**Brake specific fuel consumption (BSFC)** is a parameter that reflects the efficiency of a combustion engine which burns fuel and produces rotational power (at the shaft or crankshaft). In automotive applications, BSFC is used to evaluate the efficiency of the internal combustion engines (ICE). The keyword “brake” is related to the use of a dynamometer (electrical brake) to measure the engine parameters (fuel mass flow rate, torque, etc.).

An internal combustion engine requires fuel and air to produce energy. The amount of fuel used is usually measured on a dynamometer, as a mass flow rate, in kilograms per second [kg/s]. This parameter can not be used to evaluate the efficiency of the engine because it is not obvious how much power we can extract from the fuel. Therefore by dividing the fuel mass flow rate *[kg/s]* to the engine output power *[W]*, we obtain the brake specific fuel consumption *[kg/J]*:

where:

*m _{f} [kg/s]* – fuel mass flow rate (measured on the engine dynamometer)

*P*– effective (brake) engine power

_{e}[W]*BSFC [kg/J]*– brake specific fuel consumption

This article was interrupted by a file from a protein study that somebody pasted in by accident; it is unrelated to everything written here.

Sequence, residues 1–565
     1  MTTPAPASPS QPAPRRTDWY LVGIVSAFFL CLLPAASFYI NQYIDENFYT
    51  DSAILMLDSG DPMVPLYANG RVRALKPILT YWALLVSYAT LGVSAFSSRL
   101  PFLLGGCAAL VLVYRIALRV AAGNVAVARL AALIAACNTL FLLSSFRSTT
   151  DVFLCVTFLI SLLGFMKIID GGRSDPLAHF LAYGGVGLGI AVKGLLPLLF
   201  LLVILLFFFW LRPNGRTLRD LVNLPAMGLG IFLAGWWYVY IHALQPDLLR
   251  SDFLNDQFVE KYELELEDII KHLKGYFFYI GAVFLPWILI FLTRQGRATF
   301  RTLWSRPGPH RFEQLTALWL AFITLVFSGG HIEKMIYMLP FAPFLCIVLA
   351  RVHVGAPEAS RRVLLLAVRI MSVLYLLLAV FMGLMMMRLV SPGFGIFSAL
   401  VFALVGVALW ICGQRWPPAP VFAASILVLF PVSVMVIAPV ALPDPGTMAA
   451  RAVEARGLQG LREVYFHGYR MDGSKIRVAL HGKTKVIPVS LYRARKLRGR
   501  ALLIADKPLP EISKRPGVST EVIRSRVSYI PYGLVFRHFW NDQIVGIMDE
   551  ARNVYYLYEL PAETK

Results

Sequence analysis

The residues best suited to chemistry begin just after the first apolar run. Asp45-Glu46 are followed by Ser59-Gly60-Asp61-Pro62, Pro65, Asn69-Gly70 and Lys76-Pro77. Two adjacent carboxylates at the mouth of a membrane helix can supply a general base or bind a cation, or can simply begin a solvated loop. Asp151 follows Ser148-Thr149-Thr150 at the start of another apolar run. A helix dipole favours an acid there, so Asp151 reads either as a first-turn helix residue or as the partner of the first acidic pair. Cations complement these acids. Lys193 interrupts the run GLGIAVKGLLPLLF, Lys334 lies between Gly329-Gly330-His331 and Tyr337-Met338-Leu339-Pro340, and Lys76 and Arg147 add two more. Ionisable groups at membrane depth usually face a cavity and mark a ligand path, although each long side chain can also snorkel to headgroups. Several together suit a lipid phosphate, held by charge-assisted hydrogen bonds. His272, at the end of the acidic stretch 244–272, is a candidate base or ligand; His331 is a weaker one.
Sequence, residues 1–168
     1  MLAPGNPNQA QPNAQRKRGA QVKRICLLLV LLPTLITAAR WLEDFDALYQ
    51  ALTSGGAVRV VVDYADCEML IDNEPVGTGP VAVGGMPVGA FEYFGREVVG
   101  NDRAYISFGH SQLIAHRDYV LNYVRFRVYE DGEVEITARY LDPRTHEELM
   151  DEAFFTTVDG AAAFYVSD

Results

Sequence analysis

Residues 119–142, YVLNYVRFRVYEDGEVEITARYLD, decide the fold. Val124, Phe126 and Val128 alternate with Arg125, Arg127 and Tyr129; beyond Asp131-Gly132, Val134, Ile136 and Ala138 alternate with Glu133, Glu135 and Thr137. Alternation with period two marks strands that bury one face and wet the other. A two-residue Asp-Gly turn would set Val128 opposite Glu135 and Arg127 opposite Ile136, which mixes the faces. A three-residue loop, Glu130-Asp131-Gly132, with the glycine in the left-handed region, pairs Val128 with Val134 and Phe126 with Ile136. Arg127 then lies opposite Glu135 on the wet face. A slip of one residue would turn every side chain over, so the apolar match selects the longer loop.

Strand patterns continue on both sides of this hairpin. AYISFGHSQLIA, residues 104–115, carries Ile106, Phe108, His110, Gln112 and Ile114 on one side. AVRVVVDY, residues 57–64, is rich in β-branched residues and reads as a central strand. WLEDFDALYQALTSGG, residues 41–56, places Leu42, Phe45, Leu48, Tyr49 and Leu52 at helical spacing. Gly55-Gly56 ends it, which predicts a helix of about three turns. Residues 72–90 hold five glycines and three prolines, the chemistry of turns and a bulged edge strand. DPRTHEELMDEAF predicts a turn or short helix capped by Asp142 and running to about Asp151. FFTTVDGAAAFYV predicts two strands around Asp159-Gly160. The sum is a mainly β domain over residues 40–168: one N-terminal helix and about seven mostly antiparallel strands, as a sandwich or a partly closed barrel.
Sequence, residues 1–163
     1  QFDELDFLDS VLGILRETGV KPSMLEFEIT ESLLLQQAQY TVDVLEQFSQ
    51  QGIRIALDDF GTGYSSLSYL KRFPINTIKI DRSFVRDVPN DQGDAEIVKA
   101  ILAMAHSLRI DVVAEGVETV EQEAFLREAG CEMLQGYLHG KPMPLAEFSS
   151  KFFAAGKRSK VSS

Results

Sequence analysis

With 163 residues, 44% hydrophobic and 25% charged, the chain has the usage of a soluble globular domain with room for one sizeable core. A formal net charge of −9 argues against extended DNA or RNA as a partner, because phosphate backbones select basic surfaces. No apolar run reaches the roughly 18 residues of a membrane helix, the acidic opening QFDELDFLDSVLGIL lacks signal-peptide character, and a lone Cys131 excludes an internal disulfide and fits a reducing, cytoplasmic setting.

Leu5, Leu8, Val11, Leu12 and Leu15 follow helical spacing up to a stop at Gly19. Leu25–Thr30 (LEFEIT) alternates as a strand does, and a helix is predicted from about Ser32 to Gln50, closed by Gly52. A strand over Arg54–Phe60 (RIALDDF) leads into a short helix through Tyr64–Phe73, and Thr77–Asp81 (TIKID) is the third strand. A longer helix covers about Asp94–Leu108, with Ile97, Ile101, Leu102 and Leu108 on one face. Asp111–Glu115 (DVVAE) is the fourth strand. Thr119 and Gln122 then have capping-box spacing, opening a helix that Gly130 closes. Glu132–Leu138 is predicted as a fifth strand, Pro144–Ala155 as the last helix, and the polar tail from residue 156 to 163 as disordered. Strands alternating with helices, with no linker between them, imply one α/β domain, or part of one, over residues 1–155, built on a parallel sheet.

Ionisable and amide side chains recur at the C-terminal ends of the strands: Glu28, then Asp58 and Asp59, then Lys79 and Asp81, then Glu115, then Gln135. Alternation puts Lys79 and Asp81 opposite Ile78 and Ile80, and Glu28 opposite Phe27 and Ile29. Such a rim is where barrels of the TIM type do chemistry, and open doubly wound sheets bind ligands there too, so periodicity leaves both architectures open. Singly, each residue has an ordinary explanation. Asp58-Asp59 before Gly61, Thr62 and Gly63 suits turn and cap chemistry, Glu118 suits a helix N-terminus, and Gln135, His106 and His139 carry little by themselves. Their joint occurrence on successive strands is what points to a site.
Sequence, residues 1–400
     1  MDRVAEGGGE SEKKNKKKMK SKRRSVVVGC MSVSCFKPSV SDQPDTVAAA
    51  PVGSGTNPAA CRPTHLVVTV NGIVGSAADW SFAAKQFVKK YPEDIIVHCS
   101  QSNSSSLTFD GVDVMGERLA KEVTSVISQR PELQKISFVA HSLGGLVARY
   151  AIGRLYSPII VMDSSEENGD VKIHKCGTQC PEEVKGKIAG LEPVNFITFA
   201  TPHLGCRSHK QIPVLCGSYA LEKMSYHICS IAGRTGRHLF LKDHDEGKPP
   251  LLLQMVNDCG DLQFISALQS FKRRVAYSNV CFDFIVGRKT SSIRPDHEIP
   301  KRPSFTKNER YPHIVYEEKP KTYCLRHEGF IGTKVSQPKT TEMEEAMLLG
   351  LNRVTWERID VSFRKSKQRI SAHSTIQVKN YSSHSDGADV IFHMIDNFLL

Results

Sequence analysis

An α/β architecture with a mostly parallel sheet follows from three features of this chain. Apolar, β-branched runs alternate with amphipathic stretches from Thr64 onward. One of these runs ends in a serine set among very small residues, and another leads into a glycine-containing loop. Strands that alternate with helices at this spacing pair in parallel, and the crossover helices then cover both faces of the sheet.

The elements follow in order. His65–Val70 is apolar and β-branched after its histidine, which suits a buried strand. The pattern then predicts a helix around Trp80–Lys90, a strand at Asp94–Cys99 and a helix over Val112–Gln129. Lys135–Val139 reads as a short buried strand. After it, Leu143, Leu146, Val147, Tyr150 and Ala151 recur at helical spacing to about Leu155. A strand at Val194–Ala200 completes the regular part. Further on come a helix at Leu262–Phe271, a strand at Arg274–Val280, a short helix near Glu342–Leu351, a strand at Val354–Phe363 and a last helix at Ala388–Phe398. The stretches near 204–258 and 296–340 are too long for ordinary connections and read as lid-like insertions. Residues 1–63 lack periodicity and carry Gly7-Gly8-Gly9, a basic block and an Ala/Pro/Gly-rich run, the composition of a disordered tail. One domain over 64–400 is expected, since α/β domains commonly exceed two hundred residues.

Usually, the fuel mass flow rate is measured in *[g/s]*, the engine power in *[kW]*, which gives the brake specific fuel consumption in *[g/kW·h]*:

Engine power is the product between engine speed and torque. Therefore, we can express the BSFC function of engine speed and torque.

\[BSFC = \frac{\dot{m}_f}{\omega_e \cdot T_e} \tag{3}\]where:

*T _{e} [Nm]* – effective (brake) engine torque

*ω*– engine speed

_{e}[rad/s]Engine torque *[Nm]* can also be defined function of the mean effective pressure (MEP) of the engine.

where:

*n _{c} [-]* – number of cylinders

*V*– cylinder displacement (volume)

_{d}[m^{3}]*p*– mean effective pressure

_{me}[Pa]*n*– number of crankshaft rotations for a complete engine cycle (for 4-stroke engine

_{r}[-]*n*)

_{r}= 2Replacing (4) in (3), we can write the formula of the brake specific fuel consumption function of the mean effective pressure of the engine:

\[BSFC = \frac{2 \pi n_r \dot{m}_f}{n_c V_d p_{me} \omega_e} \tag{5}\]The lower the brake specific fuel consumption, the more efficient the engine is. For **spark ignition** (gasoline engine) the BSFC is around **250 g/kWh** and for **compression ignition** (diesel) around **200 g/kWh**.

The **brake specific fuel consumption** of an engine is usually represented as a **contour plot**, function of engine speed and torque (or mean effective pressure).

The lowest BSFC is represented by an “island”, usually at mid engine speeds and high torque (load), close to peak full load torque. In the image above we can see that the minimum BSFC is 206 g/kWh at a speed of around 2200 rpm and a mean effective pressure of 15.5 bar.

Let’s take as example four operating points of the engine (defined by engine speed and MEP). The coordinates of each point and the value of BSFC are centralized in the table below.

Engine operating point | Engine speed [rpm] | MEP [bar] (engine load) | BSFC [g/kWh] |

P_{1} | 2750 | 9 | 240 |